Tributes have been paid to the former Carlisle United owner John Courtenay, who has died.

The Blues announced that Courtenay had passed away on Saturday aged 70.

The club said Courtenay, who owned the Blues from 2002-4, had been suffering from dementia and had been living in a nursing home in his native Ireland.

United said they sent their "deepest sympathies and condolences" to his family and friends.

Dublin-based Courtenay will be forever remembered as the man who rescued United after the decade-long reign of Michael Knighton had turned sour.

The colourful businessman, who was known to many supporters simply as 'JC', eventually completed a protracted takeover and allowed fans to believe in the Blues' future again.

He was the man who appointed Paul Simpson as manager in 2003, the Cumbrian going on to deliver two stunning promotions after Courtenay had relinquished control of the club to Fred Story following United's relegation to the Conference in 2004.

Courtenay pumped millions into United during a highly eventful two-year tenure, and he was briefly linked with a second period at the helm after Story decided to sell the Blues in 2008.

Although United battled relegation during his time at the helm, they did reach the LDV Vans Trophy final in 2003, losing 2-0 to Bristol City at the Millennium Stadium in Cardiff.

The Irishman was always held in high regard by fans as the man who laid the foundations for a brighter future, and United officials tonight paid tribute.

Chairman Andrew Jenkins said: “I got on extremely well with John. He was a very likeable character who could hold a room with his stories.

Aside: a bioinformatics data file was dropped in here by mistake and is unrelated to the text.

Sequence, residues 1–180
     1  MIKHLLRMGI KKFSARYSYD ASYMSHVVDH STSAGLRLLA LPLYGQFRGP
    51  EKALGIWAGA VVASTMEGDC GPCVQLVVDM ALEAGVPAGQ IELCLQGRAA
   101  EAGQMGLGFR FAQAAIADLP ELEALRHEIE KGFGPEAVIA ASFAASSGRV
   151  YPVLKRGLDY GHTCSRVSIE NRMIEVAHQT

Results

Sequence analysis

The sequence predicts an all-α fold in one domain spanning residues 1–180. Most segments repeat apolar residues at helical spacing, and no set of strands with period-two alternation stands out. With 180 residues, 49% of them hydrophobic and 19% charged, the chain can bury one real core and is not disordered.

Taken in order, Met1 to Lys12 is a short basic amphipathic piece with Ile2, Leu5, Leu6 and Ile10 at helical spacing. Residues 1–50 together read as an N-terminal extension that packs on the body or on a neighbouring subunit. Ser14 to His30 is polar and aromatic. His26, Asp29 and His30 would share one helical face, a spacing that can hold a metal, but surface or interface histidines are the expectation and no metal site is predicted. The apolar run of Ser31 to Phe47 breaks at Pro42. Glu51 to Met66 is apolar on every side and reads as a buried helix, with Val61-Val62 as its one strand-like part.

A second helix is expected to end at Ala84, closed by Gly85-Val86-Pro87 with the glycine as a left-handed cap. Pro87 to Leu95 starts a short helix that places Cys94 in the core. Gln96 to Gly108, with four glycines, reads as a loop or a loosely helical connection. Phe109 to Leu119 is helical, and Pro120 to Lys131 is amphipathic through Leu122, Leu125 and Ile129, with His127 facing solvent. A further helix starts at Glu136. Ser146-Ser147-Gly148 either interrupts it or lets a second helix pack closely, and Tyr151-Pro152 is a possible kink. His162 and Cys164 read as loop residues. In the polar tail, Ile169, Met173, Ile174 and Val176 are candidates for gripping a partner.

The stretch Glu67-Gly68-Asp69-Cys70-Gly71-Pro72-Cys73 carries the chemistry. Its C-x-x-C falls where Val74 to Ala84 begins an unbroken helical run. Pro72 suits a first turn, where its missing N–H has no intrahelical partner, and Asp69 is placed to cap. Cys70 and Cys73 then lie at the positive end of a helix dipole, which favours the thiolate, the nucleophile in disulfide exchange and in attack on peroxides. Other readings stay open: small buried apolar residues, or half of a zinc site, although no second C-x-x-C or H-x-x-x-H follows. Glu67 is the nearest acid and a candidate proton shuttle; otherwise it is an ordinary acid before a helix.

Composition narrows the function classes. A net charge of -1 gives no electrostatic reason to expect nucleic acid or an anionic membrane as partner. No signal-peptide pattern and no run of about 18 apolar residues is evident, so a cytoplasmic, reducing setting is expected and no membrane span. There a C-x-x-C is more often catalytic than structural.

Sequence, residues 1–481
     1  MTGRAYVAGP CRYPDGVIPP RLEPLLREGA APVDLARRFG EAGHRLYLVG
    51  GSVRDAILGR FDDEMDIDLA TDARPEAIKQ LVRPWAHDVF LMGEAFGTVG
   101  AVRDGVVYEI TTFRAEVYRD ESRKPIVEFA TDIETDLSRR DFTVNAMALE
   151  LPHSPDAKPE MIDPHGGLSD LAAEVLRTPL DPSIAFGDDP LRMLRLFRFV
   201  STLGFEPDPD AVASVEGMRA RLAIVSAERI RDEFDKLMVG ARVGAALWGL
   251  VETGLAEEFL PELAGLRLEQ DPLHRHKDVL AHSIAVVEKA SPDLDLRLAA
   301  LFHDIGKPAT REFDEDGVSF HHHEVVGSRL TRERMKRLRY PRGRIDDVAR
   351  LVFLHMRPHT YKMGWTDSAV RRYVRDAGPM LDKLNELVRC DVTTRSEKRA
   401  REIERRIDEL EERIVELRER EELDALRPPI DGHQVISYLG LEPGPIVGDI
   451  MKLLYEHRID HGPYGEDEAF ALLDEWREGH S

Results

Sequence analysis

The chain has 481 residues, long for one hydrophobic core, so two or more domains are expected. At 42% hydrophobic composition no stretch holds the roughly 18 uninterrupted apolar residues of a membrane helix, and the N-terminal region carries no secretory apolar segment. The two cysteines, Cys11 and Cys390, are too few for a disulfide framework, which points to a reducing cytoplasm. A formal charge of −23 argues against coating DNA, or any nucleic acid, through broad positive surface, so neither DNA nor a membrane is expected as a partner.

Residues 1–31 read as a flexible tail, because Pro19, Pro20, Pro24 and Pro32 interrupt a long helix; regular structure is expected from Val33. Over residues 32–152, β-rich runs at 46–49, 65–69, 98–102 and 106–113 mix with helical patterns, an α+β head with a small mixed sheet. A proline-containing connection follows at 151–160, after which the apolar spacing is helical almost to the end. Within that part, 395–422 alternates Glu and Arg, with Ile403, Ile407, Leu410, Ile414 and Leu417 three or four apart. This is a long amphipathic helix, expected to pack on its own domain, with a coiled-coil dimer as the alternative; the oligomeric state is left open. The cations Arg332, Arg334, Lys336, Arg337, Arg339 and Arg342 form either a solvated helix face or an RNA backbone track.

“He was always described as larger than life and I think everyone will agree that was a very fair description.

“I’d like to say a thank you to him for everything he did for the club. He wanted the best for Carlisle United and it’s a shame that it didn’t work out for him.

“His enthusiasm was infectious and those who worked with or alongside him were desperate to see him get the success he so dearly wanted.

“I pass on the sympathies of those at the club to his family, friends and loved ones at this sad time.”

Long-serving club secretary Sarah McKnight said Courtenay had been "a breath of fresh air at exactly the right time for the club"

She added: "I'll always remember his response to anything that seemed like a problem was to tell us that there was no such word as 'can't' as far as he was concerned.

"He insisted that there was always a way to sort everything. He was always happy and he put everybody in a good mood with his positivity and his smile."

Media officer Andy Hall added that Courtenay was a forward-thinking owner who helped the club move into a new age of media and public relations.

"His 'get it done' approach rubbed off on everyone and he effectively let us get on with it, as long as he saw results," Hall said. "He was a pleasure to work for."

Courtenay, whose business interests included the Umbro franchise in Ireland, was known for his passionate approach and was famed for sharing a pint with fans - as well as making some entertaining co-commentary contributions on BBC Radio Cumbria.

He had initially taken interest in the Cumbrians after fellow Irishman Roddy Collins, then United's manager, alerted Courtenay to the possiblity of Knighton seeking to sell the club.

Supporters' trust CUOSC also paid tribute to Courtenay, saying the businessman had played an influential part in the trust gaining a shareholding in the Blues.

They tweeted: "Very sad news. Condolences to his family from all at CUOSC. Without JC we may never have achieved a shareholding in the club. Did his very best to turn CUFC around when it was struggling badly."

Courtenay's son Jonathan has expressed his thanks to United fans for their messages.

"Thanks to all the @officialcufc fans and followers for the kind words and tributes - from John's family in Dublin," he posted on Twitter.

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